Myocardial infarction (MI) is a leading cause of morbidity and mortality around the world. A major goal of regenerative medicine is to replenish the dead myocardium after MI. Although several strategies have been used to regenerate myocardium, stem cell therapy remains a major approach to replenish the dead myocardium of an MI heart. Accumulating evidence suggests the presence of resident cardiac stem cells (CSCs) in the adult heart and their endocrine and/or paracrine effects on cardiac regeneration. However, CSC isolation and their characterization and differentiation toward myocardial cells, especially cardiomyocytes, remains a technical challenge. In the present study, we provided a simple method for the isolation, characterization, and differentiation of CSCs from the adult mouse heart. Here, we describe a density gradient method for the isolation of CSCs, where the heart is digested by a 0.2% collagenase II solution. To characterize the isolated CSCs, we evaluated the expression of CSCs/cardiac markers Sca-1, NKX2-5, and GATA4, and pluripotency/stemness markers OCT4, SOX2, and Nanog. We also determined the proliferation potential of isolated CSCs by culturing them in a Petri dish and assessing the expression of the proliferation marker Ki-67. For evaluating the differentiation potential of CSCs, we selected seven- to ten-days cultured CSCs. We transferred them to a new plate with a cardiomyocyte differentiation medium. They are incubated in a cell culture incubator for 12 days, while the differentiation medium is changed every three days. The differentiated CSCs express cardiomyocyte-specific markers: actinin and troponin I. Thus, CSCs isolated with this protocol have stemness and cardiac markers, and they have a potential for proliferation and differentiation toward cardiomyocyte lineage.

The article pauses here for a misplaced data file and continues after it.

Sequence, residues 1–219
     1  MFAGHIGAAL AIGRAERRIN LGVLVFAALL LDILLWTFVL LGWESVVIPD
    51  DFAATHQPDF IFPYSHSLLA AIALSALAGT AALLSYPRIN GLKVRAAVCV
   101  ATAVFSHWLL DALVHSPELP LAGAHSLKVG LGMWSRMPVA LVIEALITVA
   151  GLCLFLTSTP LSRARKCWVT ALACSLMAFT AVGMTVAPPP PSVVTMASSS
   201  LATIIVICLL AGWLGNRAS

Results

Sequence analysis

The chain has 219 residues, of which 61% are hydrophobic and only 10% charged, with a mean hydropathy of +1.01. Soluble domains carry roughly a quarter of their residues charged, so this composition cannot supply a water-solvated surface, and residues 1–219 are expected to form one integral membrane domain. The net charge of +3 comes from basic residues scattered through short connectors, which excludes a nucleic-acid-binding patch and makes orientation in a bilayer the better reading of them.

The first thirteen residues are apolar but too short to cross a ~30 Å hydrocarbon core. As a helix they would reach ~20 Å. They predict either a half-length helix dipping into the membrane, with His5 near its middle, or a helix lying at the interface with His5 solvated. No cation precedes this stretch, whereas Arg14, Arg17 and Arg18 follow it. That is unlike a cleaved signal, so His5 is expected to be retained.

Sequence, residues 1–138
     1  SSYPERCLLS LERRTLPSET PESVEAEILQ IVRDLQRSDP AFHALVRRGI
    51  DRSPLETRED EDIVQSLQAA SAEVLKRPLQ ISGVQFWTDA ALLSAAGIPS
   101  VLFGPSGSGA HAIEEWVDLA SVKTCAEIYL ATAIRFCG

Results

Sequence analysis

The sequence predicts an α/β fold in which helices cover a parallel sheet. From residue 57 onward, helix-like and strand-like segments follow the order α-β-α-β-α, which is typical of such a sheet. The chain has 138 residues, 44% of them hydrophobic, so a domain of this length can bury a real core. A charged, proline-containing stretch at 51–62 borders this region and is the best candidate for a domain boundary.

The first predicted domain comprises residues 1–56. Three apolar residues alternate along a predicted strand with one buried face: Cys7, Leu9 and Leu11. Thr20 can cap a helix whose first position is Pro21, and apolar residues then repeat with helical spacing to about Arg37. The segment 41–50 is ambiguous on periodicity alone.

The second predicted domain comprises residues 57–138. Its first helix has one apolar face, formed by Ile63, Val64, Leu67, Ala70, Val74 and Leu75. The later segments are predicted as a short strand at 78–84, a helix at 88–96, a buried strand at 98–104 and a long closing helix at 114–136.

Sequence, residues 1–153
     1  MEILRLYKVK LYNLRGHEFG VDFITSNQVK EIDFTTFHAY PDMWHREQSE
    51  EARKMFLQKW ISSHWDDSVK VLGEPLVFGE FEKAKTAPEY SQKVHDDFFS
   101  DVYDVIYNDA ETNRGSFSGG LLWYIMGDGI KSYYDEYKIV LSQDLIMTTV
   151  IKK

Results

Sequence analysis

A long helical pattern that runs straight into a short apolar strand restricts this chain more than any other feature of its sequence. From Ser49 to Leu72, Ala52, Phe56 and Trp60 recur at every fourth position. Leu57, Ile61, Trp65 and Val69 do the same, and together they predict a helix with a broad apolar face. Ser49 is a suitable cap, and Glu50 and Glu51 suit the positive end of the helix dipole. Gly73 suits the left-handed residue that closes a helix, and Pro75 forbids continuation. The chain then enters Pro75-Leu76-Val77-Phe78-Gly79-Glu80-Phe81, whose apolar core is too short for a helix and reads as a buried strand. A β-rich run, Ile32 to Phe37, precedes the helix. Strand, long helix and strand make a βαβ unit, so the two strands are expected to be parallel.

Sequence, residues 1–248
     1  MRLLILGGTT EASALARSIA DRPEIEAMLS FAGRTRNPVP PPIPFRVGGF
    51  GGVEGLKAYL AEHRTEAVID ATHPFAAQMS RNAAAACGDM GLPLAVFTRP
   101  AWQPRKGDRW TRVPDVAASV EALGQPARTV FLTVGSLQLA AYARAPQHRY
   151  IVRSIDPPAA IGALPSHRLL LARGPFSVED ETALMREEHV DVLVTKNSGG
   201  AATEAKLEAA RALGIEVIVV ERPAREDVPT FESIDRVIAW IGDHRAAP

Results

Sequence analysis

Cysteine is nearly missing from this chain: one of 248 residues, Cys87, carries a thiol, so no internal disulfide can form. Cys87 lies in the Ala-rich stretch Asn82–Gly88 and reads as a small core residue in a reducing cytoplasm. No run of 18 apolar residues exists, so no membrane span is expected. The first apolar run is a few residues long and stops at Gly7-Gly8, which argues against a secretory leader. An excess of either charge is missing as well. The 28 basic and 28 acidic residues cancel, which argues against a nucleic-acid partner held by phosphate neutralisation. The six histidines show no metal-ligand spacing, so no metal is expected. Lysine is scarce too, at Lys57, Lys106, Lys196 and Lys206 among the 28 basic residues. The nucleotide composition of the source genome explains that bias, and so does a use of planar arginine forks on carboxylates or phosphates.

- GATA4 actinin
- Issue 143
- Troponin I
ASJC Scopus subject areas
- Chemical Engineering(all)
- Biochemistry, Genetics and Molecular Biology(all)
- Immunology and Microbiology(all)